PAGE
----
There aren't really even that many different ethical/moral theories, unless you want to count every asshole with an idea. If you weed out all of the bullshit, there are only really three: Utilitarianism, Kantianism and Social Contract.

Pick Kantianism if you actually want an answer to right and wrong, good and bad, descriptions about rationality and moral duty; and if you want a practical guideline, which can, possibly, also, be available in Kant's views, but for a different way to look at things: Pick Utilitarianism for a way at looking at a goal and ethical purpose toward an end, and Social Contract for another way at looking at the reasons behind establishing laws and/or following moral guidelines.

The Paradox Of Fools And Wise Men:
“The whole problem with the world is that fools and fanatics are always so certain of themselves, but wiser men so full of doubts.” ― Bertrand Russell
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15-02-2013, 12:46 PM (This post was last modified: 15-02-2013 01:46 PM by Zat.)
RE: Resolving conflicting loyalties
(15-02-2013 12:35 PM)TrulyX Wrote:  I guess it would be interesting to know, why you feel the need to make the question revolve around loyalties,...
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OK, forget the word 'loyalty'.

How about 'obligation' instead?

Like owing something for services rendered?

I guess, there are two fundamentally different attitudes to take (and both are taken by billions on the planet.)

Attitude #1: I will take from the world whatever I can get and return to the world the absolute minimum I must

Attitude #2: If I accept help from the world, I owe the helper and must return the favor when it is needed.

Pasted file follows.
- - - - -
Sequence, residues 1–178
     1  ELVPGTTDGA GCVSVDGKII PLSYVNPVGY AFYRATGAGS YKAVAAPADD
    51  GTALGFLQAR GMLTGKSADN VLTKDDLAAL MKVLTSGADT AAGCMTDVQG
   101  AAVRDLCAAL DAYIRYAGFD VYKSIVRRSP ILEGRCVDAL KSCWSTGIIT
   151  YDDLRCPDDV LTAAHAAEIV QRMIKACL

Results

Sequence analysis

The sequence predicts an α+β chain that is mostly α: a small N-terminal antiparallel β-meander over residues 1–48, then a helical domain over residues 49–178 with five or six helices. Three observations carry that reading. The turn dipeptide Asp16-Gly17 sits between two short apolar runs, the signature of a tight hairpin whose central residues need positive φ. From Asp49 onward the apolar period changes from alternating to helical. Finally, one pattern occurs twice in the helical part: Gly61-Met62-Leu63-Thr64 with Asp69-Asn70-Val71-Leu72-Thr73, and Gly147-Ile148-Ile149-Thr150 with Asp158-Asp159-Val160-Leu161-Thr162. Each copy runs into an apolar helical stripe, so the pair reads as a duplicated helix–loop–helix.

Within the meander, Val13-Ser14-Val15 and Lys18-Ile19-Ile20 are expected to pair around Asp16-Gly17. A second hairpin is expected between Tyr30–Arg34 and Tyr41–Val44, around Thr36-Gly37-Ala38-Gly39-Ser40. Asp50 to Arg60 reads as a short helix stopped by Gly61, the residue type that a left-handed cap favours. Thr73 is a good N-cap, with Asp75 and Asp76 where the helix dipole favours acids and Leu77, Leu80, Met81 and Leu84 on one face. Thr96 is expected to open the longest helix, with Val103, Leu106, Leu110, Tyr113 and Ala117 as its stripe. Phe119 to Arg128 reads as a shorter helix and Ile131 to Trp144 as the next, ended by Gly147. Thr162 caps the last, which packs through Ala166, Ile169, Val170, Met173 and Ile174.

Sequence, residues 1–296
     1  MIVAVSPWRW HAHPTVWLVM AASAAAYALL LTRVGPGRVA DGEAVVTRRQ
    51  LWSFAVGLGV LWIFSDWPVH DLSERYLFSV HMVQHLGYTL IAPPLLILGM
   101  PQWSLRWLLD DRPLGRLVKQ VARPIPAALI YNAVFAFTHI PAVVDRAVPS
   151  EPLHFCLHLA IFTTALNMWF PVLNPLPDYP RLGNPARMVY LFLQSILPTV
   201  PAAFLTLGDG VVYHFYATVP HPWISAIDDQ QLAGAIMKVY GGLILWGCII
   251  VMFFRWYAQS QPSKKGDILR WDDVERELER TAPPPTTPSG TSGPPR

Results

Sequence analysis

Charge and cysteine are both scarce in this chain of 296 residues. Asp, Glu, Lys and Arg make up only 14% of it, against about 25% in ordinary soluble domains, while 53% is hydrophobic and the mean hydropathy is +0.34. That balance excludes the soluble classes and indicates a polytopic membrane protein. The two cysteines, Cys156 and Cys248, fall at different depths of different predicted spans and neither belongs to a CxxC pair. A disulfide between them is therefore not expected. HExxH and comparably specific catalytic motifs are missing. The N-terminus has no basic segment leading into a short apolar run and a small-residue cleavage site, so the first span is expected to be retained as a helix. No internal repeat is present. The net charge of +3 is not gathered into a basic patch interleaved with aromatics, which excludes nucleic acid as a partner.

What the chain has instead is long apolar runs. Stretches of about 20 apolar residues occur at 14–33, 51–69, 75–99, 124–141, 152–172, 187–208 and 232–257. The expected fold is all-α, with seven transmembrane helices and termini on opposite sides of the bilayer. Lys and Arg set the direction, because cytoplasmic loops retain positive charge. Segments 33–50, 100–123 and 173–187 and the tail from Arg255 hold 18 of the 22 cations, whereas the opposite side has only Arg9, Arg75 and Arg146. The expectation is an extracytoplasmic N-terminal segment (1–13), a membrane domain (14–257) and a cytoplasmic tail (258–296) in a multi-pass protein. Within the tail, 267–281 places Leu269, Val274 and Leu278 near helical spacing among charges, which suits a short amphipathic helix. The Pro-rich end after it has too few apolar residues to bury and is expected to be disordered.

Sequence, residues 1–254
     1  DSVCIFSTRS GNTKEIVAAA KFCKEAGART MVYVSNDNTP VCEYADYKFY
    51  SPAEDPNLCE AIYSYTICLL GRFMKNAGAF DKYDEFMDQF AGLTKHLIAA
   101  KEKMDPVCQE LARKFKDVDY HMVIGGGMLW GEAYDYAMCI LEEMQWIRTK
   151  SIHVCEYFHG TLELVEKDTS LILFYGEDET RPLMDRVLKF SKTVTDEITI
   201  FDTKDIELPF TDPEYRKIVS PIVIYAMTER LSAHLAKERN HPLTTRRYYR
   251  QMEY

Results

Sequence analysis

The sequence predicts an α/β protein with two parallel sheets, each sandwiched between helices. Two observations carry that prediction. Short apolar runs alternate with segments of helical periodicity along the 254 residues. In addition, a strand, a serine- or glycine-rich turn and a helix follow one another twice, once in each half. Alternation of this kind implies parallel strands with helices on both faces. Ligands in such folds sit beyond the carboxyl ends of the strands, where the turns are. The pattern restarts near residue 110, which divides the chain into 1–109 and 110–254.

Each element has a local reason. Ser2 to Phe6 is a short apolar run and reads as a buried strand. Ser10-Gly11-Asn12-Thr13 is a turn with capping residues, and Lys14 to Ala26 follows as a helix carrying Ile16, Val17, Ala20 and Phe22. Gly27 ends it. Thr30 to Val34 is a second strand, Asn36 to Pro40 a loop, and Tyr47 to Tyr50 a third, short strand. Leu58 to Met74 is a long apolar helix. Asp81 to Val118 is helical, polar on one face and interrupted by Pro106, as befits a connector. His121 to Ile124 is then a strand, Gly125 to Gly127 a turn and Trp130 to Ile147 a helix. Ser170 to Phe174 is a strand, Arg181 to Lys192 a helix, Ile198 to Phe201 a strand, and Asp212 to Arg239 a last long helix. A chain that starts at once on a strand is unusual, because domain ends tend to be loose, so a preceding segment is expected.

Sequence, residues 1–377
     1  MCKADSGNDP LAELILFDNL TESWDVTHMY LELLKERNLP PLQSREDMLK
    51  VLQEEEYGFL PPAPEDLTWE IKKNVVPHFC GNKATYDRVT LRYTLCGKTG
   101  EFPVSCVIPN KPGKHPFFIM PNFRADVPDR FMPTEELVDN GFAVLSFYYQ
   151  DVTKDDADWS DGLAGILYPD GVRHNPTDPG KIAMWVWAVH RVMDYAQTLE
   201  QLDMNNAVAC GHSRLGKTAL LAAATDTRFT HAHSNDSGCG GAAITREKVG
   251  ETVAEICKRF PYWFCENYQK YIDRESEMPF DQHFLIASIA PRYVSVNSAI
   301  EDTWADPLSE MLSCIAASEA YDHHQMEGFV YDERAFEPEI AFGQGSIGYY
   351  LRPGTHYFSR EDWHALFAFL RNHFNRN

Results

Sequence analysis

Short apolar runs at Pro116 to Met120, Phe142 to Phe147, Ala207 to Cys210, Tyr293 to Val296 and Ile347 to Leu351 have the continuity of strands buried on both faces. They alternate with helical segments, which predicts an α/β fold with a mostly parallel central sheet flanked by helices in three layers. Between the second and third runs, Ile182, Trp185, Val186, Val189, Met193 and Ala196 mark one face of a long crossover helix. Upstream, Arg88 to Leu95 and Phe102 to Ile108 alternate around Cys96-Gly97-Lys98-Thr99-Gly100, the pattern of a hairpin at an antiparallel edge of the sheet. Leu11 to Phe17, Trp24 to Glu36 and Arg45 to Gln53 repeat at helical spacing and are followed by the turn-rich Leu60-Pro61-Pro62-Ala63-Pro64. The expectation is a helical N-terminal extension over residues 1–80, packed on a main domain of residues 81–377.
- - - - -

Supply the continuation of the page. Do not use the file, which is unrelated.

(And of course the whole range between the two extremes).

If I depend on a group for my survival, then the interest of the group is my interest as well.

If my group depends for the group's survival on a larger group it is part of, then the interest of the larger group is also the interest of the smaller one.

Finally, we all depend on this planet for our survival, so the interest of the planet is also our interest.

I hope this helps to clarify what I had in mind (I may have used too many words to state my case, but I really wanted to make sure that I would not be misunderstood).

PS. The examples I brought up are real 'conflicts' real people faced in real situations. There are many, many more examples of that kind. This thread was trying to sketch out some guidelines we could use to resolve conflicts of this kind.
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15-02-2013, 07:16 PM
RE: Resolving conflicting loyalties
Well, then it would still be the same.

You only have what is moral and what is immoral and an obligation to behave a certain way in order to be moral; however, you don't have an obligation to actually be moral. You don't have an obligation to anyone or anything. If someone gives you something, or does something for you, there isn't an obligation to reciprocate, and we should not look at things like we actually should do so anyway. You want to look at it like behaving morally out of moral obligation and duty to yourself and society.